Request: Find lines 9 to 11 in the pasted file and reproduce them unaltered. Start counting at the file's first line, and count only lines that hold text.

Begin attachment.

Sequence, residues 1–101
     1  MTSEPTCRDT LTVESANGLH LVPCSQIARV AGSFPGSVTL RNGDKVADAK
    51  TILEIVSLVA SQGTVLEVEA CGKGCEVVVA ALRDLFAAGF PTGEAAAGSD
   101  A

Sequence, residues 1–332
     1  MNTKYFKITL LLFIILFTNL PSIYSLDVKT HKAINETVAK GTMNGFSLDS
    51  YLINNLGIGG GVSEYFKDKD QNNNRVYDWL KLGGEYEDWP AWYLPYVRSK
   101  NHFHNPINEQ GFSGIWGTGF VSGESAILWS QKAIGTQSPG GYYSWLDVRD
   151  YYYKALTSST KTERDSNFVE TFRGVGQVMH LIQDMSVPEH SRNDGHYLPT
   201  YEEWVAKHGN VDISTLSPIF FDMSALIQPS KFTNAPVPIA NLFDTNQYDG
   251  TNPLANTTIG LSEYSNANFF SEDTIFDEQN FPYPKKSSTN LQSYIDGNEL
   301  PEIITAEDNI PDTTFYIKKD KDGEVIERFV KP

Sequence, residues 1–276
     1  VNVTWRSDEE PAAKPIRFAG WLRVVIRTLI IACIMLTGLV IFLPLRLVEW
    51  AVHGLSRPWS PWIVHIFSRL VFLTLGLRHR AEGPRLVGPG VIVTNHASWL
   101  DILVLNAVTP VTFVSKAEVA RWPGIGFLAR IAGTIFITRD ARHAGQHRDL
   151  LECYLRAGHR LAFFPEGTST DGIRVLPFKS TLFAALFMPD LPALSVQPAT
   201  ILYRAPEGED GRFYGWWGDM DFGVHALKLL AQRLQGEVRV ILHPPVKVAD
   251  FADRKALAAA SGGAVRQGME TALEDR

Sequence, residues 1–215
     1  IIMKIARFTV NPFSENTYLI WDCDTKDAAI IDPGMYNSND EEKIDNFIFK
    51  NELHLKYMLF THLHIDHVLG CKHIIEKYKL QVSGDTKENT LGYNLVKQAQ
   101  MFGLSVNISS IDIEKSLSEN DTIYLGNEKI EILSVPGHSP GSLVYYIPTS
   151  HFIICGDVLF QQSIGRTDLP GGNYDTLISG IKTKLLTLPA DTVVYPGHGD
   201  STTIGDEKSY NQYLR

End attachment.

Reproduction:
   151  YYYKALTSST KTERDSNFVE TFRGVGQVMH LIQDMSVPEH SRNDGHYLPT
   201  YEEWVAKHGN VDISTLSPIF FDMSALIQPS KFTNAPVPIA NLFDTNQYDG
   251  TNPLANTTIG LSEYSNANFF SEDTIFDEQN FPYPKKSSTN LQSYIDGNEL